In no previous year has the price of cereals ranged so high during the fall months as at present, not even excepting the autumn of 1864, when gold was 82@100 points above its present premium. For the purpose of illustrating the comparative prices of flour we present the following quotations at New York for the several qualities, at the close of October for seven years : Superfine State.
$10 25 $7 25 $9 75 $5 75 $5 90 95 60 $5 25
8 00 8 25 8 80 9 25 10 00 14 00
5 45 5 75 5 75 6 25 5 76 6 25
8 00 6 80 8 00 180
It will thus be seen that the quotations for flour range from 45 to 50 per cent. above those of one year ago on all except the Southern qualities, which are 20 to 30 per cent. higher. Compared with the same date of 1863, when gold was at about the same point as now, present prices are 60 to 125 per cent. higher, “ extra State” showing an advance of 95 per cent., and “ Round Hoop Ohio" 73 per cent. Reducing the currency quotations to gold, the following would represent the gold value of the latter grade of flour on 31st of October, for the past seven years : 1866 $8 56 1862...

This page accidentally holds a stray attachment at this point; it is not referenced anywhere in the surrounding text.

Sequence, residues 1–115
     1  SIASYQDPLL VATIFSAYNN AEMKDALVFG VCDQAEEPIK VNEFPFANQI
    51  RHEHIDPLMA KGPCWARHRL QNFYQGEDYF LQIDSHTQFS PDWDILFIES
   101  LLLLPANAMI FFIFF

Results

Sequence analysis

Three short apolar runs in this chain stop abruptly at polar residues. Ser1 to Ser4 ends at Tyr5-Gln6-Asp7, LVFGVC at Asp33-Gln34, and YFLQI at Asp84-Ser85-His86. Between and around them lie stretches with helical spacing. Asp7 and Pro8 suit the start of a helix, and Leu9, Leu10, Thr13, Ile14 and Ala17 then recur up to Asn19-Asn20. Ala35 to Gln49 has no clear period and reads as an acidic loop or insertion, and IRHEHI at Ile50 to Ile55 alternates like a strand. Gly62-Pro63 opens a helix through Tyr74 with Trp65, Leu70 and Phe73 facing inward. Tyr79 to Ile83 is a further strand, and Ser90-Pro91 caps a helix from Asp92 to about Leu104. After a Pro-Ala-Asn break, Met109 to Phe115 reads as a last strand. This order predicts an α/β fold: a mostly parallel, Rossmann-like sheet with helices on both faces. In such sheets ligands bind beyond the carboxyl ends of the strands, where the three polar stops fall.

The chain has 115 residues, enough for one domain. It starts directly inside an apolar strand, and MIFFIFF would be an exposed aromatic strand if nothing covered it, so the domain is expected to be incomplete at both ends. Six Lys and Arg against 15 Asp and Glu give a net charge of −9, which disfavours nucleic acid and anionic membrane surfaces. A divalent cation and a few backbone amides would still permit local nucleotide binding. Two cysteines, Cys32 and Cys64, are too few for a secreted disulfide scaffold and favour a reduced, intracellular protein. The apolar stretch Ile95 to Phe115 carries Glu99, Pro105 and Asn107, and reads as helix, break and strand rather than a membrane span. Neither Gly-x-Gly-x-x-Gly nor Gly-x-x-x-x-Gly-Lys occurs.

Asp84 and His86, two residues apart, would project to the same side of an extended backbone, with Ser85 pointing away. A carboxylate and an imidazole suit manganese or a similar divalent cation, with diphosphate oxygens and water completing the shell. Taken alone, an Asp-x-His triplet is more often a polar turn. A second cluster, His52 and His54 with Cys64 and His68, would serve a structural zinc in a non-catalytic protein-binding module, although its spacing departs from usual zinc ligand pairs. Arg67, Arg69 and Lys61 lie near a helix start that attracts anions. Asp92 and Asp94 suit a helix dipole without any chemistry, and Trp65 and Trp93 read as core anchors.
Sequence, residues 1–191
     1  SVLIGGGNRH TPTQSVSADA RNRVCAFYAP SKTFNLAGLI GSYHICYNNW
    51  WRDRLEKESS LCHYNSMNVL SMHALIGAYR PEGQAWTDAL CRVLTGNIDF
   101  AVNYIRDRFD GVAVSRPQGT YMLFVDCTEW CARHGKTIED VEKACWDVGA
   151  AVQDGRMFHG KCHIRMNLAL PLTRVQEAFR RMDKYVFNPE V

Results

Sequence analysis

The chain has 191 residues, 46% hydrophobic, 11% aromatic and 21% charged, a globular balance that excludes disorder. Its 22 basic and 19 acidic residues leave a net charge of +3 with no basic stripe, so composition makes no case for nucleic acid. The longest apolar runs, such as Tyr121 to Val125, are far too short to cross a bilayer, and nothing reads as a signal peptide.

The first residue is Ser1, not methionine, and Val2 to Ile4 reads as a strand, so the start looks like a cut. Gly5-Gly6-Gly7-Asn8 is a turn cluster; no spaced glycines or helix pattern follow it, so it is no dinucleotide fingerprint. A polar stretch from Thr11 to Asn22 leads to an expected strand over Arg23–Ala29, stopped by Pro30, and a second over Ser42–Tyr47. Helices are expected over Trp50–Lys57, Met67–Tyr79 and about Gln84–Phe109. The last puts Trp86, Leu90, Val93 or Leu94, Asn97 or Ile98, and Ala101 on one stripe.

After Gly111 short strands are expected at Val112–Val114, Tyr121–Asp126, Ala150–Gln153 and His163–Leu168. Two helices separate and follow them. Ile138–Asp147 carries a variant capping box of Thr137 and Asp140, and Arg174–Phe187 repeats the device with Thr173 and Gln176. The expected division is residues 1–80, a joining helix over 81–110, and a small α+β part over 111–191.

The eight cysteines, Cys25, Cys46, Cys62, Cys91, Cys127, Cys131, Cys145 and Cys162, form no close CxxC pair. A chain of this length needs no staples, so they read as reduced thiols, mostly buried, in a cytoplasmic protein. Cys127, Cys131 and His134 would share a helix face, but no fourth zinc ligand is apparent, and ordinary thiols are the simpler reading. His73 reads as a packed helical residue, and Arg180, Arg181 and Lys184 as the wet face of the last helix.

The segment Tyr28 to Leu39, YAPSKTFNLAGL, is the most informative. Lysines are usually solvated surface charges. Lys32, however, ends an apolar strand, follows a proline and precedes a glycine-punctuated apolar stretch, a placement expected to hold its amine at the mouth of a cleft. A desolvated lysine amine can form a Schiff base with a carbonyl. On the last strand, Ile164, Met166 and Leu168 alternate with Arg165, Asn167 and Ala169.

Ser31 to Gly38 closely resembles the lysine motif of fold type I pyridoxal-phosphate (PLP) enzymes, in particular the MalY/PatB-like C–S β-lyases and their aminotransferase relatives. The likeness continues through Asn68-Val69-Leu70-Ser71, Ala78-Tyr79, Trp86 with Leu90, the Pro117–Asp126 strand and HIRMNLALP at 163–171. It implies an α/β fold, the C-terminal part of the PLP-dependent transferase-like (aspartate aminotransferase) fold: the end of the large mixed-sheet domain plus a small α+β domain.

$5 38 1865. 6 03 1861
6 00 1864. 4 89 1860...
5 75 1863...
It will be seen, from this comparison, that this particular brand of flour is now 42 per cent. higher than at the same period of any of the six last years, and 75 per cent. above the price of two years ago.
The principal conceivable conditions warranting such extraordinary prices are, either a deficient barvest, a bad condition of the wheat crop, a short supply of some other food product, or an extraordinary foreign demand. It would be difficult to show, however, that any one of these conditions has any actual influence in the present case.